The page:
Most Active Stories
- Why rural Missouri is losing doctors
- Would 'Right To Farm' Ballot Question Protect Family Farms Or Ag Corporations?
- Contributing to the Mayibuye Archives in South Africa
- Ameren blames EPA standards for coal plant closure, Nixon signs bill to allow less restrictions
- Views of the News: Covering gay pride at Fort Leonard Wood
Thu November 3, 2011
Reporting on Pandemics and Contagious Diseases
The United Nations' Food and Agriculture Organization warned in August about “a possible major resurgence” of the bird flu because a mutant form of the virus was recently found in Vietnam and Cambodia. Other flu viruses, including strains of swine flu, are occasionally resurfacing in different parts of the world.
In March 2011, a panel of experts reviewed the World Health Organization’s response to the 2009 swine flu pandemic. They concluded that we are still unprepared for a severe outbreak and that “tens of millions would be at risk of dying.”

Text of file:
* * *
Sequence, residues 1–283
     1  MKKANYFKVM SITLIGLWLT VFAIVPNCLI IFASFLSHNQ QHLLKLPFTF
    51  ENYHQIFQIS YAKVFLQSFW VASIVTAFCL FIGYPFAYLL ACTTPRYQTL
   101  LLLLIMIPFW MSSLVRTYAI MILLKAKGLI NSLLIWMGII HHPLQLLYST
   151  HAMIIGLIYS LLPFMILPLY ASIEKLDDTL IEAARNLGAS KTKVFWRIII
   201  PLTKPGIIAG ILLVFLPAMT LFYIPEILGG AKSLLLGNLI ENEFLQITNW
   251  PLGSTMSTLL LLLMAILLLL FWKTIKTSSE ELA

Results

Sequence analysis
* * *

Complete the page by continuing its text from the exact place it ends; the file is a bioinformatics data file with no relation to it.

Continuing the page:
And this summer, Hollywood cashed in again on the doomsday disease scenario with the most recent pandemic flick, Contagion, a film that a New York Times writer said is, believe it or not, factually accurate.
Amidst a deluge of information, how can journalists provide accurate reports about a new disease during times of uncertainty? In what way can journalists best report pandemic information to the public? And how do journalists protect themselves when they are working on the ground as a contagious disease spreads?
This week, Global Journalist speaks with experienced journalists who have reported on the avian flu and the swine flu to understand their perspectives on pandemic reporting and how to best inform the public about new diseases.